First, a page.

Financing capital investments; capital improvement program: Part 3
Usually the wish list of things to build, repair, and replace is longer than the cash on hand for government to do. So consideration is given to various different financing options, reviewed in this article.
Seldom do local governments have the cash on hand to finance the capital projects in a Capital Improvement Plan. Therefore, governments resort to the system of setting money aside for anticipated replacement and major maintenance projects or borrowing to finance capital improvements.
There are many options are available to local governments in how capital projects are financed. Understanding the options available and when to use the various options is a critical step for a successful CIP. This is one of the reasons why the chief executive of the local government and key finance/budget people (the finance officer) are directly involved in the CIP process.
But as a matter of practice, some local governments are hesitant to borrow money for capital projects. The perception is that a local unit should save the necessary resources for a project and once the total amount needed is available then proceed with construction. While this approach is doable, if the unit has the capacity and discipline to save and the capital project can be postponed, then the savings approach works.
However, in most cases, the need for the capital project may leave the unit no choice but to borrow or bond for the project. For capital projects with a long life (roads, buildings, sewer and water systems) borrowing funds makes both economic and public policy sense. Let’s assume that a local government abhors borrowing money but rather believes one should save the necessary amount before purchasing. Further assume that the desired investment is a new municipal building. But the building will have a long and useful building life
Saving until the amount needed is achieved essentially asks current residents of the community (taxpayers) to bear one hundred percent of the cost before the building is built. Those taxpayers may or may not be in the community to enjoy the new building that they paid for. And residents that are in the community, using the new building, are relieved from bearing any cost for the building because they were not around paying taxes when the money was put aside for the building.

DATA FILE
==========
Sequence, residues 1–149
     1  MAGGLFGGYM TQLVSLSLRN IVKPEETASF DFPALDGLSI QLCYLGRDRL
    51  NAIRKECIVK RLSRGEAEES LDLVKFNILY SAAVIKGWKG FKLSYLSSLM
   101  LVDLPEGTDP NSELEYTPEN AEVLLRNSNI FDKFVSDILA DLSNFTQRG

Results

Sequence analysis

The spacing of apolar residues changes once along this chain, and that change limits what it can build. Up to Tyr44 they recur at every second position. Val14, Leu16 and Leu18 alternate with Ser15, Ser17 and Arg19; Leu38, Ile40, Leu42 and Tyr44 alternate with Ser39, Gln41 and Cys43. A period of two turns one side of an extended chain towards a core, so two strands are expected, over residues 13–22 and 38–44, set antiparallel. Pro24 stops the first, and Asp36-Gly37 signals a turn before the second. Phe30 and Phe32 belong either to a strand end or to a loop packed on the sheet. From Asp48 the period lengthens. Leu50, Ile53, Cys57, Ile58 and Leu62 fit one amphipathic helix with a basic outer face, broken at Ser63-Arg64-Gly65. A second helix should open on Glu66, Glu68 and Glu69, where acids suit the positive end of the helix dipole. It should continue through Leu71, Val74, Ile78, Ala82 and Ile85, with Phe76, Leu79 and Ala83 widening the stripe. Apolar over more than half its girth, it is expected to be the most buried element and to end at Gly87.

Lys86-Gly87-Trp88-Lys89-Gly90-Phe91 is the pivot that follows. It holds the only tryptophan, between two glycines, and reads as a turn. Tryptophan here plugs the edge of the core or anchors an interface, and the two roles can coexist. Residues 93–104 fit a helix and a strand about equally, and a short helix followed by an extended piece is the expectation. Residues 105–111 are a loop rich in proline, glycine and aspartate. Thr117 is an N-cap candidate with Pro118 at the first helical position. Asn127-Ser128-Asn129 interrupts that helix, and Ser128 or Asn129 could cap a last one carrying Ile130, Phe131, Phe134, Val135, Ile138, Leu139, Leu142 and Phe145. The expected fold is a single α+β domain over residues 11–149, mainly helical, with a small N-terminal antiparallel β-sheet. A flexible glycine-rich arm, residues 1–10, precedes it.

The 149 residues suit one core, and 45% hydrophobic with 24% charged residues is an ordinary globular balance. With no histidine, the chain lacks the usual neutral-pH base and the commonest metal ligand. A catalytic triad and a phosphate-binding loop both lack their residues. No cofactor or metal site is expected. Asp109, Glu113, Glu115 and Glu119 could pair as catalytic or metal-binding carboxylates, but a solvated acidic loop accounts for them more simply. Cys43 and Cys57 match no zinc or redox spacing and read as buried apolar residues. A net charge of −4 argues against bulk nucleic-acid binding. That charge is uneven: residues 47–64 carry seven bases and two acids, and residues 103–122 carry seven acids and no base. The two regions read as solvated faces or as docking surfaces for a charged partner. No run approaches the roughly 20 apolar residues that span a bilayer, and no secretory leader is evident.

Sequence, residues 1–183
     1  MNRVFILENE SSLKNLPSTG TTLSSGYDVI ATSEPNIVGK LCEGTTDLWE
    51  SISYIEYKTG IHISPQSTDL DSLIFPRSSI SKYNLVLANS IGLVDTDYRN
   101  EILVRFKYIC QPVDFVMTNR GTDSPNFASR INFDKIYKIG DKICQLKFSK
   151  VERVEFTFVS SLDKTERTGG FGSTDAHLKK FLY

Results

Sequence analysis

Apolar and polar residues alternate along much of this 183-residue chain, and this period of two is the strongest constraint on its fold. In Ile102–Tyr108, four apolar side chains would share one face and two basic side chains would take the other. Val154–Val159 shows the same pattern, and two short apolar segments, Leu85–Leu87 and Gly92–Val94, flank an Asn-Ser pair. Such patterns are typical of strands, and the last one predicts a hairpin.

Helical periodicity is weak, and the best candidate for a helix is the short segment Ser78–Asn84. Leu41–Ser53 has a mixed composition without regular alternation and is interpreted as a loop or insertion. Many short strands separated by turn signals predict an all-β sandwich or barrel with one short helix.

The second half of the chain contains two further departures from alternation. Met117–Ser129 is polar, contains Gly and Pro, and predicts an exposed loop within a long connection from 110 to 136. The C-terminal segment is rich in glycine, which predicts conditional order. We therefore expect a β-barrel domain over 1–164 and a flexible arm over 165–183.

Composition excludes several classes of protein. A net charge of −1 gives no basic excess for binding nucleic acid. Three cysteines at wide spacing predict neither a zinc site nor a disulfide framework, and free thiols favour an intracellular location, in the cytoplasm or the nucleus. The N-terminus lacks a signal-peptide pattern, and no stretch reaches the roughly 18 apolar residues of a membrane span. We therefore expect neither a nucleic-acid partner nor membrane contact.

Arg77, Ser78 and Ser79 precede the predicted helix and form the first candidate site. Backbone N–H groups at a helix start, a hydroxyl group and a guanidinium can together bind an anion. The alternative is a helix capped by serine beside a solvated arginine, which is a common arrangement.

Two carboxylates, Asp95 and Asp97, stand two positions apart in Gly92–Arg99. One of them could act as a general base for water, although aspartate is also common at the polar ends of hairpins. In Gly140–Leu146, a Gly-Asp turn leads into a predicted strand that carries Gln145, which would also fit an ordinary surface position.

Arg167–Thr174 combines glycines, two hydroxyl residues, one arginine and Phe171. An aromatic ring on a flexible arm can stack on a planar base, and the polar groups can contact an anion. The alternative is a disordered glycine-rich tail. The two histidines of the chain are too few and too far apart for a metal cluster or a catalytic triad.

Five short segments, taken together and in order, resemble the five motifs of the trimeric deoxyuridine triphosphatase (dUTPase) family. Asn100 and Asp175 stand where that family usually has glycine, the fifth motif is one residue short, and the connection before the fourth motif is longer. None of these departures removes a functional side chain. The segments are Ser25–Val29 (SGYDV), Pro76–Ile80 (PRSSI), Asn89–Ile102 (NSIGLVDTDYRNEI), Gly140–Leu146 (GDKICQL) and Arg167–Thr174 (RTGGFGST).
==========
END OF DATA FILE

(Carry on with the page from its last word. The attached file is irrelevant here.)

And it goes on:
Borrowing or bonding on the other hand recognizes the durable nature of the investment (building) and allocates the cost shares of the building to those using the building during the first years of the life of the building.
So the public policy question to consider is whether or not it is right for taxpayers from yesterday to be paying for a benefit the taxpayer of tomorrow gets the service from? Different types of CIP projects will have differing “correct” answers to this question. What is important is the question is asked, discussed and decided upon. In very simplistic terms one might compare both approaches by understanding:
- If one does not borrow, the community saves interest costs, but those who pay may not be those who benefit from the project
- If one does not borrow, the community needs to have cash available, or the ability to save up the cash. There will be some projects where this may be the appropriate approach.
Financing capital improvements can prove to be a drain on a local unit if necessary funds have not been set aside for projects. Budget discipline is required to annually appropriate funds to the capital improvement fund to cover both depreciation and future capital projects.
A simplistic listing of borrowing or financing capital improvement means follow:
- using fund reserves
- levying special assessments
- borrowing from other funds in the local unit
- borrowing in the capital markets by selling bonds.
Other articles in this series:
- Balancing one year’s government budget is just the start to long-term fiscal sustainability
- Prioritizing capital investments; capital improvement program: Part 2